Fullmetal Alchemist: Brotherhood is the second series based on Hiromu Arakawa’s manga, produced by Bones studios, but unlike the first (which was also pretty good, but had to improvise more than half of it’s storyline) this one started in 2009 when Arakawa was within sight of the end of her story, with the final issue coming out just a month before the final episode of Brotherhood aired. Fullmetal Alchemist centres around two brothers, Edward and Alphonse Elric, following their mother’s death. They perform the forbidden human transmutation, a form of alchemy that theoretically could create a human being, in an attempt to revive her. It turns out it is forbidden for a reason – alchemy requires ‘equivalent exchange’, so you can’t make something from nothing and the chemical components they have arranged are inadequate. In the attempt Edward loses his leg, while Alphonse loses his entire body. To then successfully bind his younger brother’s soul to a nearby suit of armour, Edward also has one of his arms ripped from him. Now older, Ed (now with prosthetics) and Al travel the country of Amestris to find the secret of the Philosopher’s stone, a substance that is said to boost alchemy and therefore hopefully allow them to restore what they have lost. Ed becomes a State Alchemist, or ‘dog of the military’, and the brothers befriend many other alchemists and members of the military in their quest, my favourite being Roy Mustang the Flame Alchemist. They soon encounter the Homunculi, a group with superhuman abilities named after the 7 deadly sins and working for a shadowy figure known as ‘Father’, with nefarious plans that threaten the lives of everyone in the country.
I think the only place the series slips is in the rushed way they cover the first few beats of the story. I can only assume they wanted to move through it quickly, as it all happens in the original series, to get to the parts of the story published since that series diverted from Arakawa’s plot. However, I think this does the story somewhat of a disservice, especially as there are a couple of really integral parts that aren’t given the time they deserve, as they carry a huge amount of emotional heft and inform the actions of a few major characters down the line. It’s a small complaint though, as the episodes are still there and the rest of the show is just superb. The animation is great, and the plot is really strong. I actually own both the manga and the whole series on blu-ray, and it is stunning.
Eiichiro Oda started his One Piece manga back in 1997, and it is still going. I think I remember reading a quote from him a few years ago indicating that he was only halfway through his intended series, and while it’s length had gotten away from him he still intended it to end as he had always planned. There is currently over 750 chapters published in Weekly Shonen Jump, and the anime adaptation has had over 650 episodes with surprisingly few filler episodes considering how long it has gone on for. Despite all this, it is largely quality AND quantity. I think I watched a huge number of these episodes when I first got into the series back when I was supposed to be revising for my final year exams for my degree, shockingly not affecting how well I did considering how I would often binge 10+ episodes in a row.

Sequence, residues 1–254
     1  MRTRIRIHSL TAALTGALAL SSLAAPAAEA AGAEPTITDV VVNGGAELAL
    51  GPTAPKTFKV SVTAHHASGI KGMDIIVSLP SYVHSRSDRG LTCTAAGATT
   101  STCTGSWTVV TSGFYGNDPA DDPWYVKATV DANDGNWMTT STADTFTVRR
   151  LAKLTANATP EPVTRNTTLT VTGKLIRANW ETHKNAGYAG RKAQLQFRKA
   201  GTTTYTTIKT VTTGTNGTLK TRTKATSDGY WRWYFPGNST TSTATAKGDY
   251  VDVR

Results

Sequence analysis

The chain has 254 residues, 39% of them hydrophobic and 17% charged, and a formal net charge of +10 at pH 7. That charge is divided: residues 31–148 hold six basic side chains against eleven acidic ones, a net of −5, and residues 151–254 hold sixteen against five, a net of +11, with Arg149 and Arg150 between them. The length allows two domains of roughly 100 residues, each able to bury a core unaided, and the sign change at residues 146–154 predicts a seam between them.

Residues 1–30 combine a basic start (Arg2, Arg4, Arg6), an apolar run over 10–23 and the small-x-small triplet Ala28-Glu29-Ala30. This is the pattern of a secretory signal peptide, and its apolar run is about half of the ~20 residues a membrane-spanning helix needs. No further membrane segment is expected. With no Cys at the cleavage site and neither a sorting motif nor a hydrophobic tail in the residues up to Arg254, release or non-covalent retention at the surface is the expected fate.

One Piece centres around Monkey D. Luffy, a pirate whose goal is to become the Pirate King and to find the elusive treasure One Piece, hidden at the end of the oceans by the the previous Pirate King, Gol D. Roger. Like many people in the world, Luffy has gained a special ability through consuming a ‘Devil’s Fruit’, one off substances that bestow one-of-a-kind powers but turn the individual into an anchor – the sea saps their strength and they sink immediately, difficult for a pirate. Luffy is a rubber man, and uses stretchy powers to deflect bullets and canon fire, and to create devastating attacks that basically involve flailing his limbs. Throughout the series, Luffy gathers various crew members with and without abilities, all of whom have some other similarly lofty goal like ‘map all the seas’ or ‘become the world’s greatest swordsman’, while butting heads with other crews and the World Government and their Marines. Being a Shonen Jump series, pretty much everything is achieved and defeated using punching and friendship. However, One Piece is particularly strong and wildly inventive, with pretty much every new character and arc being different and interesting. It has to have been to have gone on so long!
And that’s that. A bit longer than I intended. Honourable mention goes to:
Trigun – Love it, but a similar situation to FMA Brotherhood. The anime series started and finished years before the manga was even half way. What I wouldn’t give for a full length ‘Trigun Maximum’ series, now that the manga is over.
FLCL – Wacky and excellent.
Black Lagoon – Hail of bullets, bounty hunters and Revy is just excellent.
Hellsing – Particularly the Hellsing Ultimate OVAs, again a more faithful adaptation of the manga. Nazi vampires.
Death Note – Really clever plotting, the first arc is fantastic. It lost me a bit in the middle, but still ended pretty strongly.
Outlaw Star – Paga Wa San Fa
Attack on Titan – Pretty grim stuff. Good grim stuff though.
Bleach – Yeah, yeah. I know it has it’s problems. A lot of people complain about this series and its storyline. The characters always resonated with me and I liked the core story, though I will admit it has become bogged down in constant fighting with limited plot. Also the anime series was awful for filler arcs. I wish it had stopped earlier, and then come back when more manga had been written. I know it isn’t as simple as that though.
Naruto – I used to really like Naruto, but at one point (actually for similar reasons to why people have gone off Bleach) I just stopped caring. Especially compared to One Piece, later on a slew of new characters were introduced that were just terribly fleshed out and I just didn’t care what happened to them. In the last couple of years almost every character has become totally superfluous, with the series being less about ninjas with a few super powers and more about a couple of gods throwing ridiculously powerful things at each other while everyone else tries to stay out of the way. Kakashi is a badass though.
Fate/Zero – A prequel to Fate Stay Night, but I found the story to be much more compelling.
And while this is a series ‘Top Five’, I would be remiss to not mention films like the original Ghost in the Shell, Akira and most of the Studio Ghibli films, in particular Howl’s Moving Castle, Spirited Away, Princess Mononoke and Nausicaä of the Valley of the Wind (but certainly not limited to those), as all being superb and worth checking out.